In 2018, I was selected to the 30 Under 30 class of honorees by the St. Louis Business Journal. 30 Under 30 is a program that recognizes the next generation of metro-area “movers and shakers” under age 30. Honorees typically represent a diverse background of industries, careers and ethnicities, but usually have one thing in common: they’re dedicated to service the community.

For me, service to others isn’t a hobby I do once a month on the weekends. It’s a lifestyle choice and a calling. I am humbled to be recognized by both the local nonprofit sector and private sectors for my work thus far.

I am grateful to have spent the last five and a half years in four different roles with World Pediatric Project, a local nonprofit dedicated to increasing access to pediatric critical care resources for children in Central America and the Caribbean. Through my entrepreneurial leadership of a new fundraising event (Rock ‘n’ Heal, now in its sixth year) and other community events, I helped raise nearly $1 million for critically ill children during my time with World Pediatric Project.

What’s your advice to young students or professionals just starting in your field?

What makes your heart come alive? What do you care about most in the world? What fires you up? Search your soul and seek out opportunities that allow you to work in those areas. That’s what I believe the world needs most. Passionate people who are applying their whole hearts, minds and talents to solve problems and make the world a better place for us all.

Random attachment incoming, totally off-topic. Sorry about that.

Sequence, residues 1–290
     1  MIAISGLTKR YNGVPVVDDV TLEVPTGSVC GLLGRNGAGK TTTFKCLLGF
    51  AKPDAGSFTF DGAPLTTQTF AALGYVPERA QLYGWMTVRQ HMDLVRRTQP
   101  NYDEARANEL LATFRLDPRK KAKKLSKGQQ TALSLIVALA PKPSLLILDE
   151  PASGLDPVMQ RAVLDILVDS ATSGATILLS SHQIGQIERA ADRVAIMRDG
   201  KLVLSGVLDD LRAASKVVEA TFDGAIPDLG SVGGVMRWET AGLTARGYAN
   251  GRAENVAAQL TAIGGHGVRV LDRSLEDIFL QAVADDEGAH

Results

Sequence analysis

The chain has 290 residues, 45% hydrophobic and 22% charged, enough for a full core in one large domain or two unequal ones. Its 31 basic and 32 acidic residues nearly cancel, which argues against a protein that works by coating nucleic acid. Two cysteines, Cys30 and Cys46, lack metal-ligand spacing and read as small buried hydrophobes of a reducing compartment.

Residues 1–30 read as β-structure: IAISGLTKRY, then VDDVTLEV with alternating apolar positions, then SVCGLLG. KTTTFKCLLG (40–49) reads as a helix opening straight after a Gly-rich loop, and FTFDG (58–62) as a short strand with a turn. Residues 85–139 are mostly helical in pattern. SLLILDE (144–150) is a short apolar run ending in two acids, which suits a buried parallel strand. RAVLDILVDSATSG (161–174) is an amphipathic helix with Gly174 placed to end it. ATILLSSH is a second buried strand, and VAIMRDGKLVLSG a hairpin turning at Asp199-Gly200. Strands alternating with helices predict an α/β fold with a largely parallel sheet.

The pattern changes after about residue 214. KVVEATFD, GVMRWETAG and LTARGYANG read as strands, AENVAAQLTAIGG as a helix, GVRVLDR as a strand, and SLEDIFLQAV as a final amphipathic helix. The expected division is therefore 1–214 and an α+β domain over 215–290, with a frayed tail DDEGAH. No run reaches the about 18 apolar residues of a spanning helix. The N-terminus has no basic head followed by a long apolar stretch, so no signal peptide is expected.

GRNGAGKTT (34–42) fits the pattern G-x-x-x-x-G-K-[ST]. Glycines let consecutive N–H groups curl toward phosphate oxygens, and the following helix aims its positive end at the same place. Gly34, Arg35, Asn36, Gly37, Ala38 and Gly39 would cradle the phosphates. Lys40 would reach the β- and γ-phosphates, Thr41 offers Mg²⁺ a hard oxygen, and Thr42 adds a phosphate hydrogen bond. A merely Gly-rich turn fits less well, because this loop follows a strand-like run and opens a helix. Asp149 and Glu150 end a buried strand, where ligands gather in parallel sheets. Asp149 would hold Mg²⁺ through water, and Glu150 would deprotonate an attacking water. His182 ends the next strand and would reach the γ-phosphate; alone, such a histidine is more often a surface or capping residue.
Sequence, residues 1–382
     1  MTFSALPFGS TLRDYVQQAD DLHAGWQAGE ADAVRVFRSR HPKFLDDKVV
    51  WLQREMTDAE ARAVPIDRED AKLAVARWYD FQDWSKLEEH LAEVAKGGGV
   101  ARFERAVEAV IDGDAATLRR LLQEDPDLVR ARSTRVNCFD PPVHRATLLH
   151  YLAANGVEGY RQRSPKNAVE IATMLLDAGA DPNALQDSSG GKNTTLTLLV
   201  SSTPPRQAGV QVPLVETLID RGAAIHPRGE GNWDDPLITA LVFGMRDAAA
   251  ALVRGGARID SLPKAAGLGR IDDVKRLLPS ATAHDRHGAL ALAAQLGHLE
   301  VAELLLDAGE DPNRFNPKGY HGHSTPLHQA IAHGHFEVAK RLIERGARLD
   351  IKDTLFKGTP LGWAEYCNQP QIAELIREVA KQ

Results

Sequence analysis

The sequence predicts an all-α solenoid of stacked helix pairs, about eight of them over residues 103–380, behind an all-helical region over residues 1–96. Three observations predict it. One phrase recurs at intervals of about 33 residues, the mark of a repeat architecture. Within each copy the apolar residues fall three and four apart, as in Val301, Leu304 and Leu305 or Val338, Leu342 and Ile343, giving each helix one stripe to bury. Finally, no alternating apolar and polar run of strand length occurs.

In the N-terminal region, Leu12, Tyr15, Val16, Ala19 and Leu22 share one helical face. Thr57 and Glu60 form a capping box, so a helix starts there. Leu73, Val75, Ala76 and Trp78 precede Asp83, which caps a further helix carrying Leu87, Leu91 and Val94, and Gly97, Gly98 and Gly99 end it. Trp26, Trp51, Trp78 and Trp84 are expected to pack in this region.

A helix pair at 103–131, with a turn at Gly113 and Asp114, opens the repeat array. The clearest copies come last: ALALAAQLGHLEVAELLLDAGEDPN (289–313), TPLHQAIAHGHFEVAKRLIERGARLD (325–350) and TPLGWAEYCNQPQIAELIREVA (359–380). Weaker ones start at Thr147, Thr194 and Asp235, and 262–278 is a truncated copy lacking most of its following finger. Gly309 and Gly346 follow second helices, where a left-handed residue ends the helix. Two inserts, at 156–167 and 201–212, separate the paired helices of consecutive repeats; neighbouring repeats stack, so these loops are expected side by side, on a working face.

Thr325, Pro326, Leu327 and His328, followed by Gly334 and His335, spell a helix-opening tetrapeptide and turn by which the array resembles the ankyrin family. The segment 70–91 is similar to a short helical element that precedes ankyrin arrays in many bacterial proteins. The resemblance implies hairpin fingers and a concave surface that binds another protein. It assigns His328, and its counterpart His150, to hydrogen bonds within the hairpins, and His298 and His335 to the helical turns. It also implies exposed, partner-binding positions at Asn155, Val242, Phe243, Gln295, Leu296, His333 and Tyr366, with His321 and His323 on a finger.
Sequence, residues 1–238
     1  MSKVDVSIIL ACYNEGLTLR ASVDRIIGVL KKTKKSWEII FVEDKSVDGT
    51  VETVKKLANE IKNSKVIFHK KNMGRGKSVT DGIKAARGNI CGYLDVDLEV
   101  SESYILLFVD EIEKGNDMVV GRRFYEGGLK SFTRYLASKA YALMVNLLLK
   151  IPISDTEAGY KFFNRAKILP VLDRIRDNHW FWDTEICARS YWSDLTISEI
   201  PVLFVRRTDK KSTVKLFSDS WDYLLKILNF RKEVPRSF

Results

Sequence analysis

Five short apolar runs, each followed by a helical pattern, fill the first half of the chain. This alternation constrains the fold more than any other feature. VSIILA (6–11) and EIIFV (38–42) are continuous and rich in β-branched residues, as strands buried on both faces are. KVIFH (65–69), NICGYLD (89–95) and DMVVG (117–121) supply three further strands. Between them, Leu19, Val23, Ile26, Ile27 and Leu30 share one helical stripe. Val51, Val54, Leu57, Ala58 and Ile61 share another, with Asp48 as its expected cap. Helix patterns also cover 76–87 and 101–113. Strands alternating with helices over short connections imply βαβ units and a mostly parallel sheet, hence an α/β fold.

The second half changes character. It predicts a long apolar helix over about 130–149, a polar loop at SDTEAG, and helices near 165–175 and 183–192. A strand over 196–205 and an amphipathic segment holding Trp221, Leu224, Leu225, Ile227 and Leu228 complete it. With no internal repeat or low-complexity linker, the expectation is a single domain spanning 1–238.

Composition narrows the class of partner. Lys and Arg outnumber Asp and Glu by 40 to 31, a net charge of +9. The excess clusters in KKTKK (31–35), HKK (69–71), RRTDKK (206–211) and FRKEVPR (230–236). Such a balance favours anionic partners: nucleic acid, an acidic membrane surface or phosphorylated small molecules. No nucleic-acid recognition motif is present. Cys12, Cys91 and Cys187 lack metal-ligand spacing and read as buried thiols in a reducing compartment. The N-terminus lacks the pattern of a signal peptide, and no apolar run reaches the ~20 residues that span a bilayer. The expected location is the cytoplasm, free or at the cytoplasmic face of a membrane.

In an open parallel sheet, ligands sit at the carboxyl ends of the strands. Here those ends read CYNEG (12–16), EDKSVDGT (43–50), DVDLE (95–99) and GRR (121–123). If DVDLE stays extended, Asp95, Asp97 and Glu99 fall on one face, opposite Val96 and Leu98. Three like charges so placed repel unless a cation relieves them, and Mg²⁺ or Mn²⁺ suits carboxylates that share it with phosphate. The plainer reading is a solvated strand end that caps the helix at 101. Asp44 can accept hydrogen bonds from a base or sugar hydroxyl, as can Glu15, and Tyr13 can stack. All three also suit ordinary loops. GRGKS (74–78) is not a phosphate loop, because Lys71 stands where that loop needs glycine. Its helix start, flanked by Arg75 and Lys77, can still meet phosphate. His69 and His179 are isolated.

In the nonprofit sector, I think passion is the most important factor for success. Many other things can be learned on the job. Especially in nonprofit development, without genuine passion for the cause, donors will see through you and you’ll burn out. Passion is what gets you out of bed in the morning. That’s what raises dollars for vital causes. Authentic passion is contagious.

To explore your passions and get a foot in the door, you may have to volunteer or do informational coffees or interviews. But over time you will build your network and your experience, and then one day you’ll realize you’re doing the things you always dreamed about. At least that’s how it’s been for me!

How do you feel that the Professional MBA program enabled you to reach your professional goals?

Many of the individuals who invest their time, networks and resources in the nonprofit sector are influential business and civic leaders. I love that my work allows me to navigate the intersection between business, nonprofit and community impact for mutual betterment. That’s my passion. For this reason, I decided to pursue my MBA at SLU.

My master’s in business has enabled me to understand the foundations of business which is a great complement to my undergraduate degrees in arts and sciences. Even in the nonprofit sector, core business knowledge in accounting, finance, marketing, operations, data analytics, economics, and sales are very relevant. There are differences between managing a business and managing a nonprofit, but many of the skills are transferable.

I have loved my four-year journey of personal and professional growth as I pursued my part-time MBA at SLU. Juggling evening business classes and full-time work in the nonprofit sector allowed me to bring real-world examples to class discussion, as well as apply new learning from school to work in real-time. SLU has provided not only an excellent faith-based business curriculum, but also a wonderful network of professors, mentors and friends that I will maintain for years to come. I wouldn’t trade it for the world!